held that a person was not entitled to such credit. See Palmer
v. State, 744 N.E.2d 525, 530 (Ind. Ct. App. 2001) (declining to follow
To highlight this conflict of authority, the Court of Appeals in
the General Assembly to address the issue of credit for time served on
home detention as a condition of probation because, as it stood, it was
a patchwork quilt of contradiction and confusion. Id.; see also id. at
531 (requesting the General Assembly to offer some much-needed clarification, consistency, and guidance
. . . .) (Brook, J., concurring). The General Assembly apparently responded
by amending Indiana Code sections 35-38-2-3 and 35-38-2.5-5 during the 2001 session to
provide credit for time served on home detention as a condition of probation.
In light of the General Assemblys response, we conclude that the amendments
are remedial in nature as they were intended to cure a defect that
existed in prior statutes, namely: silence concerning whether a defendant was entitled
to credit for time served on home detention as a condition of probation.
Therefore, because the amendments do not violate a vested right or constitutional
guaranty, we apply them retroactively to Martin in order to carry out their
legislative purpose of providing credit for time served on home detention as a
condition of probation.
We reverse the trial court.
SHEPARD, C.J., and DICKSON, SULLIVAN and BOEHM, JJ., concur.
We acknowledge that a number of decisions have stated that if
a remedial statute violates vested rights
or creates new rights, then it cannot
be applied retroactively. See, e.g., Samm v. Great Dane Trailers, 715 N.E.2d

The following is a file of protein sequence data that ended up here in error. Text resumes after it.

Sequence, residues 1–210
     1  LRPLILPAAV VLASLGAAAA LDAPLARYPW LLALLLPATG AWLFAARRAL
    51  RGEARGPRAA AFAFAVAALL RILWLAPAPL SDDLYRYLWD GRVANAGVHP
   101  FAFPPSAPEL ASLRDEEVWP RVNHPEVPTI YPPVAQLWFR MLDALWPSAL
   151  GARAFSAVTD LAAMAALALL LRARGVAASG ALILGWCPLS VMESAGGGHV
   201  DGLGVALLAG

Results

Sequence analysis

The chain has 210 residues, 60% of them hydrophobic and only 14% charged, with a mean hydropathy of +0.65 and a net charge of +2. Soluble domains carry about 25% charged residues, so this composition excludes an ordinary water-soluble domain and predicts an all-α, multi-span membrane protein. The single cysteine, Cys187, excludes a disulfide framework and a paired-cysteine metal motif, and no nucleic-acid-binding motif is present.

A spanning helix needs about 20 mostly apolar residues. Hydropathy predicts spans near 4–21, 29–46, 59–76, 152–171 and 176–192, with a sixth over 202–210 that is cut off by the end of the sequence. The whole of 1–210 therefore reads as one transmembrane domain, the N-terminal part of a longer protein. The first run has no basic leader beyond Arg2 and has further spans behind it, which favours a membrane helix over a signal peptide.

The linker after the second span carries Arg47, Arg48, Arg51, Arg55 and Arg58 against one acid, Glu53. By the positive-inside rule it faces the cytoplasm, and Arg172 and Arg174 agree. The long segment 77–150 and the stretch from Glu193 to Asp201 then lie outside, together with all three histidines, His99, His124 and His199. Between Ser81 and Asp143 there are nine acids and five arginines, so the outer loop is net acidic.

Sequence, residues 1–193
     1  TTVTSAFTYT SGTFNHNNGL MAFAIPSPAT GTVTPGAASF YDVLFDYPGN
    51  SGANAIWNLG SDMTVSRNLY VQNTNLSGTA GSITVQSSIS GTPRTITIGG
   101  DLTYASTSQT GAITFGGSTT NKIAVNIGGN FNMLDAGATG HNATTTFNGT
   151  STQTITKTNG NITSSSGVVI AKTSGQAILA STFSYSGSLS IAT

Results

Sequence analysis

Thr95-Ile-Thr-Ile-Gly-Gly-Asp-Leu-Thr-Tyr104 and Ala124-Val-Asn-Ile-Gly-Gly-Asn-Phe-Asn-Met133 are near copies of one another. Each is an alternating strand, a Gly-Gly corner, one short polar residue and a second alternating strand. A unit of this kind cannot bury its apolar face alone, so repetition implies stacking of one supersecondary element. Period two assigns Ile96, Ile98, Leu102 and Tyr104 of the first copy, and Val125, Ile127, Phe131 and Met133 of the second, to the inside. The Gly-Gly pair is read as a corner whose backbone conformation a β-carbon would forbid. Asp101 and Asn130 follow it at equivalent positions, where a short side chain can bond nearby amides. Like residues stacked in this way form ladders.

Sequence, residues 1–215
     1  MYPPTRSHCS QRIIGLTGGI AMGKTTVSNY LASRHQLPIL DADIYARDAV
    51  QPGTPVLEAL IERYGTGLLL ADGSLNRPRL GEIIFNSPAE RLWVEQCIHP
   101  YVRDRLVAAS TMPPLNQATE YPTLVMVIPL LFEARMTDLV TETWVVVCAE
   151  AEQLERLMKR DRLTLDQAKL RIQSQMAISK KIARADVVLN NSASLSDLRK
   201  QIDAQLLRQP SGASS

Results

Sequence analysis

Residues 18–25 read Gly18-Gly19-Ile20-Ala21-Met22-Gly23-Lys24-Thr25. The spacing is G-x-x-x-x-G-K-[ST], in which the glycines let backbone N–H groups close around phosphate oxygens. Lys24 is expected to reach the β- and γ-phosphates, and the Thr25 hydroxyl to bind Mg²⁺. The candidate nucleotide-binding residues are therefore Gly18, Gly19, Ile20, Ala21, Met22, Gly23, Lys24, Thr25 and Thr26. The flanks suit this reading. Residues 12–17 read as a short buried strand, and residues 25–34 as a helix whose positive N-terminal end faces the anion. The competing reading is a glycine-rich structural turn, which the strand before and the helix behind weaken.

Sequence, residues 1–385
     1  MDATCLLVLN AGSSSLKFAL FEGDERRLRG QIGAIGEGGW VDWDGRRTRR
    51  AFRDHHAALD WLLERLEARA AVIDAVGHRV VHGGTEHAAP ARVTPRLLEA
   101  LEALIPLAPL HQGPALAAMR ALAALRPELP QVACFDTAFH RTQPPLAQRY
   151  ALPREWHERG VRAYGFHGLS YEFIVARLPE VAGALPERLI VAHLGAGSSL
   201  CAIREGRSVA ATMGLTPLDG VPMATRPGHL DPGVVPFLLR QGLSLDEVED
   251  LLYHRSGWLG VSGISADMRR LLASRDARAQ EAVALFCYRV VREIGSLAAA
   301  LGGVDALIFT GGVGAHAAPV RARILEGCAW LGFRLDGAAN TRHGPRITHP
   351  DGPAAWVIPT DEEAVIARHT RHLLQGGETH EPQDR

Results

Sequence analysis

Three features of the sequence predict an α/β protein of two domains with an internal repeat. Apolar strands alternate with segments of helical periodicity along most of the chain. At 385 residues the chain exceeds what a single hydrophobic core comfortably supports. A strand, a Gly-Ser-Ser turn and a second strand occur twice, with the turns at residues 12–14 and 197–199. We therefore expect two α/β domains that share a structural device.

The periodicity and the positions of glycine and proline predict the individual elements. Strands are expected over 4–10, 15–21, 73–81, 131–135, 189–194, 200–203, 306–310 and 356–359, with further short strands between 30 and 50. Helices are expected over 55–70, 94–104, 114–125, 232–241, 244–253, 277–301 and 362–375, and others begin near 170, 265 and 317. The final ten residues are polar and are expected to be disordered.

420, 423 (Ind. Ct. App. 1999), trans. denied; Deasy-Leas v. Leas, 693 N.E.2d
90, 92 (Ind. Ct. App. 1998), trans. denied; Estate of Robinson v. C
& I Leasing, Inc., 691 N.E.2d 474, 476 (Ind. Ct. App. 1998), trans.
denied; R.L.G. v. T.L.E., 454 N.E.2d 1268, 1270 (Ind. Ct. App. 1983); McGill
v. Muddy Fork of Silver Creek Watershed Conservancy Dist., 175 Ind. App. 48,
370 N.E.2d 365, 370 (1977); Malone v. Conner, 135 Ind. App. 167, 189
N.E.2d 590, 591 (1963), trans. denied. However, this formulation is inconsistent with
this Courts precedent.
We grant transfer today in
Palmer and hold that the amendments
at issue here should also be applied retroactively to the defendant in that
We observe that since the amendments went into effect on July
1, 2001, the Court of Appeals has twice reached the same outcome as
reached here, albeit on different grounds. In
Senn v. State, 766 N.E.2d
1190 (Ind. Ct. App. 2002), the defendant, who had been sentenced before the
effective date of the amendments, filed a motion in the trial court seeking
credit for time served on home detention as a condition of probation.
The trial court denied the motion. On appeal, the Court of Appeals
held that the General Assemblys amendments to Indiana Code sections 35-38-2-3 and 35-38-2.5-5
represented an effort to clarify the law, not to change it. Id.
at 1199. As such, the Court of Appeals reversed the trial court.
Similarly, in Stith v. State, 766 N.E.2d 1266 (Ind. Ct. App. 2002),
the Court of Appeals held:
We believe the 2001 amendment to the statute reflects the legislatures clarification of
its preexisting intent that probationers on home detention be entitled to credit time.
We accordingly choose to follow Dishroon as more accurately reflecting the legislative
intent to be gleaned from the patchwork quilt of contradiction and confusion that
existed prior to the July 2001 amendment to the statute.
Stith was entitled to credit time for the period when he was on
home detention as a condition of probation, and we therefore reverse.
Id. at 1268 (citation and footnote omitted), trans. not sought.